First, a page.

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Manoeuvre Planning Architecture for the Optimisation of Spacecraft Formation Flying Reconfiguration Manoeuvres

By Ross Burgon


Formation flying of multiple spacecraft collaborating toward the same goal is fast becoming a reality for space mission designers. Often the missions require the spacecraft to perform translational manoeuvres relative to each other to achieve some mission objective. These manoeuvres need to be planned to ensure the safety of the spacecraft in the formation and to optimise fuel management throughout the fleet. In addition to these requirements is it desirable for this manoeuvre planning to occur autonomously within the fleet to reduce operations cost and provide greater planning flexibility for the mission. One such mission that would benefit from this type of manoeuvre planning is the European Space Agency’s DARWIN mission, designed to search for extra-solar Earth-like planets using separated spacecraft interferometry. This thesis presents a Manoeuvre Planning Architecture for the DARWIN mission. The design of the Architecture involves identifying and conceptualising all factors affecting the execution of formation flying manoeuvres at the Sun/Earth libration point L2. A systematic trade-off analysis of these factors is performed and results in a modularised Manoeuvre Planning Architecture for the optimisation of formation flying reconfiguration manoeuvres. The Architecture provides a means for DARWIN to autonomously plan manoeuvres during the reconfiguration mode of the mission. The Architecture consists of a Science Operations Module, a Position Assignment Module, a Trajectory Design Module and a Station-keeping Module that represents a multiple multi-variable optimisation approach to the formation flying manoeuvre planning problem. The manoeuvres are planned to incorporate target selection for maximum science returns, collision avoidance, thruster plume avoidance, manoeuvre duration minimisation and manoeuvre fuel management (including fuel consumption minimisation and formation fuel balancing). With many customisable variables the Architecture can be tuned to give the best performance throughout the mission duration. The implementation of the Architecture highlights the importance of planning formation flying reconfiguration manoeuvres. When compared with a benchmark manoeuvre planning strategy the Architecture demonstrates a performance increase of 27% for manoeuvre scheduling and fuel savings of 40% over a fifty target observation tour. The Architecture designed in this thesis contributes to the field of spacecraft formation flying analysis on various levels. First, the manoeuvre planning is designed at the mission level with considerations for mission operations and station-keeping included in the design. Secondly, the requirements analysis and implementation of Science Operation Module represent a unique insight into the complexity of observation scheduling for exo-planet analysis missions and presents a robust method for autonomously optimising that scheduling. Thirdly, in-depth analyses are performed on DARWIN-based modifications of existing manoeuvre optimisation strategies identifying their strengths and weaknesses and ways to improve them. Finally, though not implemented in this thesis, the design of a Station-keeping Module is provided to add station-keeping optimisation functionality to the Architecture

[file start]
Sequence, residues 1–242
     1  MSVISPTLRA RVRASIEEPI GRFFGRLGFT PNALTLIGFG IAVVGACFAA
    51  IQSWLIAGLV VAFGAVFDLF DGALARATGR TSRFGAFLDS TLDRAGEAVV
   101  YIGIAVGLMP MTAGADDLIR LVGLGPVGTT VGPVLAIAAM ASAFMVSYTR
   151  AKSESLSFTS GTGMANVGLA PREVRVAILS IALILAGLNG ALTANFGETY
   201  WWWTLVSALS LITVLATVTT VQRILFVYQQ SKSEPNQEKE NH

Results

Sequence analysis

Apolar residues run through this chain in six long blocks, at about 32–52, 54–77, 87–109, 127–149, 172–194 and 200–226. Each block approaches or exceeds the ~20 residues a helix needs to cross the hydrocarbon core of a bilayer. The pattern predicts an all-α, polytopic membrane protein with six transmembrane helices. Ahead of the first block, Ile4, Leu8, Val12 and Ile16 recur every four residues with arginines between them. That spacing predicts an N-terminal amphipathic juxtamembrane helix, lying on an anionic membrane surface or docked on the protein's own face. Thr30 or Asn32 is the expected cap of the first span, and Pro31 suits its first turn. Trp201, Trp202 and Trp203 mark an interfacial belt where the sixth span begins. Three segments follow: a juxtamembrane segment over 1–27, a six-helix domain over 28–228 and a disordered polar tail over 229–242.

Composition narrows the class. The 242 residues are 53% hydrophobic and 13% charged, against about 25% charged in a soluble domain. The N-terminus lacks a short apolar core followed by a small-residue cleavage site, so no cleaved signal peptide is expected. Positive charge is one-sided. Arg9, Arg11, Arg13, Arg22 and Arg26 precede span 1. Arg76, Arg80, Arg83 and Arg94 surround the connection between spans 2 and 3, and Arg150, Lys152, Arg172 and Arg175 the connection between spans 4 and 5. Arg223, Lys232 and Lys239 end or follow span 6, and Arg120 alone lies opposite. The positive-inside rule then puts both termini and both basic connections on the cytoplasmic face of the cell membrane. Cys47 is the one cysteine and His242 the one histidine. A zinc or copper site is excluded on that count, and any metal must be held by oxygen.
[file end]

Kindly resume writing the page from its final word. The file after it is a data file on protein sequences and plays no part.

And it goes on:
Publisher: Cranfield University
Year: 2010
OAI identifier:
Provided by: Cranfield CERES

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